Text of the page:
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CRESPOGRAM REPORT

SEPTEMBER 26, 2013

IT’S CALLED ROPE-A-DOPE
CHIEF MANNY OROSA HAS PURPOSELY KEPT THE CITY COMMISSION IN THE DARK ABOUT THE OPERATION OF THE POLICE DEPARTMENT, AND THE 5 DWARFS HAVE ALLOWED HIM TO GET AWAY WITH IT

It was no secret before the beginning of the last City Commission meeting that questions would come up about staffing issues involving the Miami Police department. 


Everyone, from the Commissioners to the City Manager to the Chief of Police knew that a large number of angry citizens were going to show up demanding more police protection, and that before the meeting ended, the Chief would be called on to defend how officers within his department are allocated to deal with the increasing crime in Miami.


A competent and professional Chief of Police would, I contend, have shown up with some paperwork - in fact, a really smart Chief would have provided the Commissioners the paperwork well before the meeting - that provided a detailed breakdown within his department of how many officers are allocated to street patrol by shifts.  Specifically, the Chief, if he were sincere about being an open and transparent manager,  would would have long ago provided that kind of detailed information to the City Manager and members of the Commission.


Since the Chief is on the record under oath as claiming that he arranged to deal with the Commissioners one on one to deal with their problems, providing them with hard data about the operation of his department so that they could better deal with the complaints of angry homeowners seems like the kind of information that would have been a no brainer for the Chief to provide.


Unfortunately Chief Manny Orosa HAS NEVER DONE THAT!


Instead, when Commissioner Suarez raised the issue of how many officers were actually patrolling the streets of Miami, the Chief stood up, and started rattling off numbers, and immediately engaged in a game of rope-a-dope.  Commissioner Suarez wanted to know how many Miami Police Officers were on “street patrol,” and claimed that he had been told the number was approximately 350.  Commissioner Sarnoff chimed in by saying he had heard it was 450.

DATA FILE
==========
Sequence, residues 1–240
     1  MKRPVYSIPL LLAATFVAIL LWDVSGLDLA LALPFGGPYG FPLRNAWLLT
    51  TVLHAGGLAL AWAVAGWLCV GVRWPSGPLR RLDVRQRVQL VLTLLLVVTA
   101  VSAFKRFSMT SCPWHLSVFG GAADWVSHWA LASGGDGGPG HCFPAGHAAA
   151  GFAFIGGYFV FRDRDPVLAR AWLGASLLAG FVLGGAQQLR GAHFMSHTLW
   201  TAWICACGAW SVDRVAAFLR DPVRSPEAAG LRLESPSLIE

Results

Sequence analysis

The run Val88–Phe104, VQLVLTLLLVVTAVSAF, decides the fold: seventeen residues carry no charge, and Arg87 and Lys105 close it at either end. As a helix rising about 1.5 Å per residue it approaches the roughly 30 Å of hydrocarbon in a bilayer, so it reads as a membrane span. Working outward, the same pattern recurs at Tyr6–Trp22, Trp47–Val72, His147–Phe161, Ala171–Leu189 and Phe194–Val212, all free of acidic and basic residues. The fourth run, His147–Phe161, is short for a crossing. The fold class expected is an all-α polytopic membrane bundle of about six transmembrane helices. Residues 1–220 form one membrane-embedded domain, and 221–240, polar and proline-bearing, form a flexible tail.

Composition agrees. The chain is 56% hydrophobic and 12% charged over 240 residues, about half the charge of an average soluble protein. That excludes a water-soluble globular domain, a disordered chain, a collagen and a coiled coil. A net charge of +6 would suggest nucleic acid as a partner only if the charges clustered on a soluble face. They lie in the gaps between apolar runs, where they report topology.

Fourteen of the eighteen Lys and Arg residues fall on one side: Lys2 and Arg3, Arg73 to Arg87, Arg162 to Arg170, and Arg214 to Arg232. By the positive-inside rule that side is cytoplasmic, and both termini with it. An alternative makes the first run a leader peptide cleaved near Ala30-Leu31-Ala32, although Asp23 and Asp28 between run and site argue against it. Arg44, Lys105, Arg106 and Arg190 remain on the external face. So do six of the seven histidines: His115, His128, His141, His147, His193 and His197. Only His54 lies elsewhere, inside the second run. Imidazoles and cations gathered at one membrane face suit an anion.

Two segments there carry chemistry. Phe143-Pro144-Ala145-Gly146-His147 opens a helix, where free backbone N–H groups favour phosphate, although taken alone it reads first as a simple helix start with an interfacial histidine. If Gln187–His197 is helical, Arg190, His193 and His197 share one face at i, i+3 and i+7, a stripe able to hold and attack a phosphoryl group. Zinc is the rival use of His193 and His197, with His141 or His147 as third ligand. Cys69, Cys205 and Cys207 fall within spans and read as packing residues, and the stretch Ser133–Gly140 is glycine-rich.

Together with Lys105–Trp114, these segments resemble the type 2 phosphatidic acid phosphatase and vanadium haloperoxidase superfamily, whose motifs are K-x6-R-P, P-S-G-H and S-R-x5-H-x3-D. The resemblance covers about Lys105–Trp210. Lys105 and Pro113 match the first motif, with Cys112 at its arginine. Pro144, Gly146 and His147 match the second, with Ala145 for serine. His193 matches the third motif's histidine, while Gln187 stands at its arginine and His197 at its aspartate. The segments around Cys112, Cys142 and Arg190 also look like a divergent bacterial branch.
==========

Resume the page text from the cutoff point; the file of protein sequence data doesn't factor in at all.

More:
Why did each of them have a different number for how many officers were on street patrol?  Why hadn’t the Chief of Police before the meeting provided them with a simple straight-forward document that provided everyone with a set of numbers that could be used as the basis for a rational discussion of  the problems that were obviously a concern to them and the citizens who showed up demanding more police protection?


Instead, what the Chief did was come up with an entirely new number - 583 - and then told the Commissioners that that number represented all the officers in the “Uniform Service.”


From that number he began to explain how 20 or so were assigned here, and 44 were assigned there, and then there were 60 Sergeants, and 11 Lieutenants, and eventually he conceded that there were approximately 400 officers on patrol although he refused to provide real and specific  numbers for how many officers were on each of the 3 shifts that the department operates under.


At the end of his explanation the Chief more or less conceded that in fact he only has approximately 400 officers on patrol for all 3 shifts. The best definition of who a street patrol officer is, is that that officer is  one that shows up for Roll Call at his/her station and then goes out on patrol. These are considered the First Responders on most normal calls for help.


Here is the video portion of that exchange.  Now I have purposely cut this clip down to the specific exchange, so as not to make it time consuming to watch, but it does include the relevant exchange between the Chief, Commissioner Suarez and several other Commissioners.